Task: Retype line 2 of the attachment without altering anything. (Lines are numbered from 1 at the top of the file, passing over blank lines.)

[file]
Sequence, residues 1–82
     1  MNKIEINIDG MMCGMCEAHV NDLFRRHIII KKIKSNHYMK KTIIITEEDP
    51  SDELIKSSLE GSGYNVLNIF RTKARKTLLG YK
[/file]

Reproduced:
     1  MNKIEINIDG MMCGMCEAHV NDLFRRHIII KKIKSNHYMK KTIIITEEDP